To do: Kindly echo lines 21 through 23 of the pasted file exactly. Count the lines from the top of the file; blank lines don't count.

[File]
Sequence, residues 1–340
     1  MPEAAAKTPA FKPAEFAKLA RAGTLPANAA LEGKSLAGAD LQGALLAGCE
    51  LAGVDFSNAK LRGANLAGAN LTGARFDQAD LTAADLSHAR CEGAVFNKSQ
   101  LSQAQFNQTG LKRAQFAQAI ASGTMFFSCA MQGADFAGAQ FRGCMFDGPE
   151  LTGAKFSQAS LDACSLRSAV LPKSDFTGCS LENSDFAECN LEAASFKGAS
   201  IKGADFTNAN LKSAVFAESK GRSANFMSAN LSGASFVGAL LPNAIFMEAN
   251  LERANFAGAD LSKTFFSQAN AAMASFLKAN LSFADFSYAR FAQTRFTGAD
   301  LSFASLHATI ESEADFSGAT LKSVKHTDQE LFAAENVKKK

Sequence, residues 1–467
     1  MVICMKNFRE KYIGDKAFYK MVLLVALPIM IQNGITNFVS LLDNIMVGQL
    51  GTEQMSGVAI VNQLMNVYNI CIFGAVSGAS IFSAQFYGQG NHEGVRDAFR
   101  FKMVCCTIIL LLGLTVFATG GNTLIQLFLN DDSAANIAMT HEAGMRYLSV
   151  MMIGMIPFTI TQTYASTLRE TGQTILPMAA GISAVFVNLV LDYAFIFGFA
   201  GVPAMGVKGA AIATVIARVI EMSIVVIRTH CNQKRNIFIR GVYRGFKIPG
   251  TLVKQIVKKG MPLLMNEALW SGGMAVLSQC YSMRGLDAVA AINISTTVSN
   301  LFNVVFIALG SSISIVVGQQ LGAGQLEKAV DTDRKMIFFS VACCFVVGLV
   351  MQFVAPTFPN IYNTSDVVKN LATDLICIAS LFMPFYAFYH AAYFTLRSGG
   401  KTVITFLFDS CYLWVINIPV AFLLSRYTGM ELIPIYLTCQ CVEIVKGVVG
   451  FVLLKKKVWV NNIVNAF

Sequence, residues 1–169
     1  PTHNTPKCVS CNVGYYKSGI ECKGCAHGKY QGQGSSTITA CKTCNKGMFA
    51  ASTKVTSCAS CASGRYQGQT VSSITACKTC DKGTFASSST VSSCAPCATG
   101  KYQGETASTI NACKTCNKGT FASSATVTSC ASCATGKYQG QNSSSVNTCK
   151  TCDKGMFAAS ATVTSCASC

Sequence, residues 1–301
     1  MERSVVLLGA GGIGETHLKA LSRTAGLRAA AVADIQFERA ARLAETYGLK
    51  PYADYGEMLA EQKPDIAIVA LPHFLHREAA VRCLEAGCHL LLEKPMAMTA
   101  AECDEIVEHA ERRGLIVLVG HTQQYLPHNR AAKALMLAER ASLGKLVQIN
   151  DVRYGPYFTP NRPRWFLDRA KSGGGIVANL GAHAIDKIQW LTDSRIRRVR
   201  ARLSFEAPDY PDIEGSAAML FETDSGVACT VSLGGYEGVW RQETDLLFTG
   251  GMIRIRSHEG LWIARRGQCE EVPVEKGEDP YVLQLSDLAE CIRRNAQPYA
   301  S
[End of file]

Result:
     1  PTHNTPKCVS CNVGYYKSGI ECKGCAHGKY QGQGSSTITA CKTCNKGMFA
    51  ASTKVTSCAS CASGRYQGQT VSSITACKTC DKGTFASSST VSSCAPCATG
   101  KYQGETASTI NACKTCNKGT FASSATVTSC ASCATGKYQG QNSSSVNTCK